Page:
When the Wells Run Dry

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When the Wells Run Dry

The town of Magdalena, N.M. saw its well run dry in June. According to a new report, nearly 300 communities across the drought-prone state are at risk of finding themselves in similar circumstances.

A well digging truck in New Mexico. The town of Magdalena, N.M. had to drill a new well after its existing water source ran dry in June. Credit: Jared Tarbell on Flickr

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For three painful years, the town of Magdalena, in central New Mexico, has struggled with drought along with the rest of the Southwest. As the months of dry weather have piled up, one after another, people all over the region have wondered when it will end. And how bad could the situation get?

In June, Magdalena suddenly found out just how bad: The primary well serving this town of about 1,000 people ran dry. Businesses, including the local health clinic, were forced to shut down. Drinking water, some 46,000 gallons of it, was trucked in from nearby communities to keep the community going while another well was drilled. Bottled water was distributed to the elderly and families with young children. The National Guard stood by to monitor the situation.

The question of why Magdalena’s well ran dry has yet to be fully resolved. According to news reports, town officials admitted that they had not checked water levels in more than a year. Their failure to do so is particularly surprising in light of the way groundwater supplies in New Mexico have been falling. Since January of this year, the water table is down by as much as 20 feet.

Depleted groundwater is a problem all over the Southwest in this dry season, and New Mexico is one of the states that has it the worst. Last week, a state task force released a report that shows as many as 300 communities have water systems vulnerable to the same combination of factors that led to the sudden failure of Magdalena’s supply: Drought, falling water tables, limited sources of drinking water and aging infrastructure — which is often monitored by volunteers rather than water professionals.

“We’d like to get people in the state to change the way we think about water,” Ryan Flynn, secretary-designate of the New Mexico Environment Department, told the Albuquerque Journal. “We just turn the tap and expect the water to flow.”

The state is now offering help in monitoring water levels, identifying backup supplies and emergency planning. It will also help local officials connect with possible federal funding sources for infrastructure improvement. Officials will send letters to the nearly 300 communities most at risk, letting them know assistance is available.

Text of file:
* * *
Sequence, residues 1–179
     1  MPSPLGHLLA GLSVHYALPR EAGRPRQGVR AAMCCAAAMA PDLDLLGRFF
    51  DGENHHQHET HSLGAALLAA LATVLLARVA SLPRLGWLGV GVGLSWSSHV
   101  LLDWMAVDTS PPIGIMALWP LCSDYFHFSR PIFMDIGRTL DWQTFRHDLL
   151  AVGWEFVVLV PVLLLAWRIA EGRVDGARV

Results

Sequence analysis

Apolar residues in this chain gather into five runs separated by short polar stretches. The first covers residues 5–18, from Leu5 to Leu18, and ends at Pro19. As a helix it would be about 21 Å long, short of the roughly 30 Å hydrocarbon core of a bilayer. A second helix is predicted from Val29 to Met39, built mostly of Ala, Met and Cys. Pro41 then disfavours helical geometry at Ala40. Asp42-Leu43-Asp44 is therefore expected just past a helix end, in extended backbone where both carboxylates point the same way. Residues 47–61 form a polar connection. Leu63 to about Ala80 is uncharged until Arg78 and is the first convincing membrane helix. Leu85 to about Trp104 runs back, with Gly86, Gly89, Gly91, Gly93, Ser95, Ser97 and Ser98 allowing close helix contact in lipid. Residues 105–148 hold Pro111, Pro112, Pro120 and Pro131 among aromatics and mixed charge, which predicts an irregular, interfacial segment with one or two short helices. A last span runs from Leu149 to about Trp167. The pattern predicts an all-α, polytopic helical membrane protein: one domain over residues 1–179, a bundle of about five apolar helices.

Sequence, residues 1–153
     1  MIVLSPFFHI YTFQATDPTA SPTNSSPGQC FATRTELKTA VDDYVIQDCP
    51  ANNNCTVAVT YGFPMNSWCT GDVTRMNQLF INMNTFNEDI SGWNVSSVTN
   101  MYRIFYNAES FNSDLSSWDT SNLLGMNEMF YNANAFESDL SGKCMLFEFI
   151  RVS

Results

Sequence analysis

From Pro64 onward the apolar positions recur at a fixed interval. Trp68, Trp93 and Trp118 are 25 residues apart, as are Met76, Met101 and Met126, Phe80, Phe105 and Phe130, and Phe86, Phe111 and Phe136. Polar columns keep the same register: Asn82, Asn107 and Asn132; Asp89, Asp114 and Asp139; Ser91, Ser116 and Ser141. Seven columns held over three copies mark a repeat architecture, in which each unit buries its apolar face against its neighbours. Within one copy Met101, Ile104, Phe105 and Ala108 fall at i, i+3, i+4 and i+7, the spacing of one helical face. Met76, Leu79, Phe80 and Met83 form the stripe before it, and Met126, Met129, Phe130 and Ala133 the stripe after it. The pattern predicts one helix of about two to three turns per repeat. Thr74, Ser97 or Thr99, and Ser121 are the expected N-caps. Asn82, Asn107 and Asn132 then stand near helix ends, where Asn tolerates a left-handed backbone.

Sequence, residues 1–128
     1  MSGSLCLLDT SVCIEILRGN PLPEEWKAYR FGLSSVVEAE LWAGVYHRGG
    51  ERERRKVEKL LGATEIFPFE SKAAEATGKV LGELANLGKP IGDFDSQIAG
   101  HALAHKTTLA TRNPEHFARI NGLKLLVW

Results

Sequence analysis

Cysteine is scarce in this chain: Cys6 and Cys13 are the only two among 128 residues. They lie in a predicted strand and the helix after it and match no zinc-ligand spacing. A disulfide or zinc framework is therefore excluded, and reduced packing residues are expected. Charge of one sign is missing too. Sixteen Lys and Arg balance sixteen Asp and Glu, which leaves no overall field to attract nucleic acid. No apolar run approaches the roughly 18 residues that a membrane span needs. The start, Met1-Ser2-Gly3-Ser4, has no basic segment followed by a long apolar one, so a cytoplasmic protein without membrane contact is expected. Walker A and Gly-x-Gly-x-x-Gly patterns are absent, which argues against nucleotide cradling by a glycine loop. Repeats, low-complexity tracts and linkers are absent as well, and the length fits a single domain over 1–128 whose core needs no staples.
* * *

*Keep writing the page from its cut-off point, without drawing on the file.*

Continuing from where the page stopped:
These proposals were hailed by the Journal, which ran an editorial saying, “New Mexico’s communities need a water plan — and a backup water plan — sooner rather than later. The state deserves credit for recognizing this and making it a priority.”

The question is why it wasn’t a priority sooner.

Two-thirds of New Mexico is currently facing extreme to exceptional drought conditions, according to the National Weather Service. From January to June, precipitation was just 44 percent of normal. State officials say the situation is worse than it was during the last bad drought in 2002 and 2003. Almost all of New Mexico’s reservoirs are well below average capacity for this time of year.

In a news release at the end of June, the U.S. Department of Agriculture’s Natural Resources Conservation Service issued a grim forecast for the rest of the year in the Southwest, due to a thin snowpack that will fail to refresh the region’s streams and rivers.

“The soil in the southern half of the West is like a dry sponge that will absorb and hold water as it melts from the snowpack,” NRCS hydrologist Tom Perkins said in a news release. “Only when the soil is sufficiently saturated will it allow water to flow to the streams.”

NRCS maps for water supply forecasts use black symbols to indicate especially dry areas where less than 20 percent normal runoff is predicted.

“I started forecasting in 1983, and I don’t think I’ve ever seen a black symbol before,” Perkins said. “This year we have several black symbols in New Mexico.”

The poor state of water infrastructure is also a matter of record. The American Society of Civil Engineers gave New Mexico’s drinking water system a C- in its 2012 Infrastructure Report Card, noting that aging systems won’t hold out without repair and rehabilitation. The group also pointed out the perils of the state’s reliance on groundwater: Because the region sees so little rainfall even in normal years, 95 percent of community water systems are partially or entirely dependent on groundwater.

“Water conservation at all levels/types of use will need to be promoted by all suppliers/purveyors,” the ASCE report noted. “Because groundwater is being depleted in many locations, there must be an increased emphasis on: decreasing dependence on groundwater, groundwater recharging, conservation measures, and on alternate potable water sources.”

Perhaps that effort is finally beginning in earnest. Meanwhile, the residents of Magdalena and hundreds of other towns around the state are watching the skies, hoping that the worst doesn’t happen again.

Watermark is made possible with the support of the Surdna Foundation.

Sarah Goodyear has written about cities for a variety of publications, including CityLab, Grist and Streetsblog. She lives in Brooklyn.

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Tags: infrastructureurban planningwatermarkdrought

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